Hardy delivers one of the most nuanced performances I have seen in a long time. The British actor has adopted a very strange, affected accent. It doesn't sound like any Brooklyn accent I have ever heard, but Brooklyn mixed with Bob's education and background. Given what I have read about Hardy, he seems to be a “Method” actor, the type of actor who really gets into his characters and tries to maintain the persona at all times. In "The Drop", Bob's character seems a little under-educated and he speaks with a soft, slightly higher-pitched voice. All of these elements make it difficult, initially, to 'get' his performance - it takes a while to become comfortable watching him - but once you get to this point, you are able to follow him and go along for the ride.
Noomi Rapace plays Nadia, the nervous waitress who meets Bob and begins an uneasy, difficult to define relationship with the bartender. Initially, she agrees to help him with the dog; he asks her to watch the dog for a few days and then she gets roped into helping him shop for the pooch, showing him what to buy for the puppy. She eventually offers to walk the dog for him, when she has the time, to get the puppy out of the house when Bob is at the bar all day. It seems like it takes a long time for the relationship to develop because Nadia is a little nervous and because Bob doesn't seem to know what to do, what moves to make in order to take their relationship to the next level. You even begin to question if Bob has ever been with another woman.
Gandolfini is very good, he always is, and Cousin Marv comes alive with the actor's skill and personality. Marv is a man who was once somebody and now he is basically a hired hand. Because of this there is a slow burn evident under his facade at every moment. Marv lives with his sister in their ramshackle home. Whenever she speaks – she wants their comatose dad to remain at a home Marv can’t afford, she wants to go to Europe - he tenses up, hiding his grimace - and you get the sense that Marv is just barely tolerating everything in his life. This illustrates how difficult and different Marv's life has become. There are many things going on in Marv's mind at every moment and Gandolfini does a great job of letting us have a brief glimpse of all of these conflicting needs and insecurities at work.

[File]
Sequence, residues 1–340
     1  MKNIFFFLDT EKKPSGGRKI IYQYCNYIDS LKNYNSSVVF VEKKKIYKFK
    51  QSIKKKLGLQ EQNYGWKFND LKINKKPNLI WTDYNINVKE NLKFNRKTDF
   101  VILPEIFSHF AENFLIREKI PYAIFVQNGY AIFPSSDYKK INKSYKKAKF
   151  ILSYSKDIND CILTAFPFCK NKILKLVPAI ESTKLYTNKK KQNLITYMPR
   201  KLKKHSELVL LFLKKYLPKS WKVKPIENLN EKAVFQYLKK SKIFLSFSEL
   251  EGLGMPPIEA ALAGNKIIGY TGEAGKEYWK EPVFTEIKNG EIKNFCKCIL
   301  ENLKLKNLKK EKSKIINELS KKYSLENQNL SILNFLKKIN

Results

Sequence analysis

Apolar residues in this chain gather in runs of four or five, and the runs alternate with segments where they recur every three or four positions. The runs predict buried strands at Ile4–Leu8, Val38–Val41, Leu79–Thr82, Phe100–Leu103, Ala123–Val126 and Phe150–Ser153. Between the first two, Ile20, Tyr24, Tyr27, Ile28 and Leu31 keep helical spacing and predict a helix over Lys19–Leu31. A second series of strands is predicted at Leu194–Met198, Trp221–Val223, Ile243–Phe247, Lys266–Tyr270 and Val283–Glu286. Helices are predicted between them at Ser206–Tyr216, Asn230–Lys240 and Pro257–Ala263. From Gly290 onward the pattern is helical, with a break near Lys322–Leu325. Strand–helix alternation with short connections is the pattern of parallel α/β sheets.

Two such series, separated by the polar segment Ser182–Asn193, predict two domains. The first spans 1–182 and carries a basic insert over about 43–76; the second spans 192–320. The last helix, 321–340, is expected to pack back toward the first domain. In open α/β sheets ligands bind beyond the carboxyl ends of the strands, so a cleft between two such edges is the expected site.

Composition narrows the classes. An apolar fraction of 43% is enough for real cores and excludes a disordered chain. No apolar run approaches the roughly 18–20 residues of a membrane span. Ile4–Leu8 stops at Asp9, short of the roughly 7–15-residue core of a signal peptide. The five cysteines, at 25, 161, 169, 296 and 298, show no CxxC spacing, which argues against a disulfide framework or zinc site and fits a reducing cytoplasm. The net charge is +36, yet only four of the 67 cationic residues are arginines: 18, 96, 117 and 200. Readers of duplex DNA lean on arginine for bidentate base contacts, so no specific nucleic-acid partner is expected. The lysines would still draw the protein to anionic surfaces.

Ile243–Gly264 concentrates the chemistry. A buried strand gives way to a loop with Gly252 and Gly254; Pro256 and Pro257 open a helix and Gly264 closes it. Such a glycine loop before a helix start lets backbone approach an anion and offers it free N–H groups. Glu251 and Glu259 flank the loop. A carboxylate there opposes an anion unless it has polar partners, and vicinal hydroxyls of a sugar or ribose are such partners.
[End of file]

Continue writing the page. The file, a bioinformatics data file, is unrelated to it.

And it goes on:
Lehane is best known for creating stories about a group of richly detailed, interesting, authentic characters who get into trouble because they make the wrong decisions. These films have yielded critically lauded performances from a diverse group of actors. "The Drop" is no exception. Lehane takes the story of three people who seem pretty unexceptional and gives them so much detail and character you can't turn away from the screen. For much of the story, Lehane moves Bob, Nadia and Cousin Marv through a seemingly unremarkable story. But the more we get to know these people, the more we realize they are about to get into a heap of trouble. And the more we get to know about them, the more we care. The more we care, the more danger they seem to get into.
As you are watching "The Drop", you may not feel like it is providing enough action. I did't. As you watch Bob dealing with the dog and building his relationship with Nadia and dealing with Marv and the gangsters, the more gangster like elements of the story creep up on you and start to take over. It is an effective way of drawing you into this small, dangerous, very isolated universe.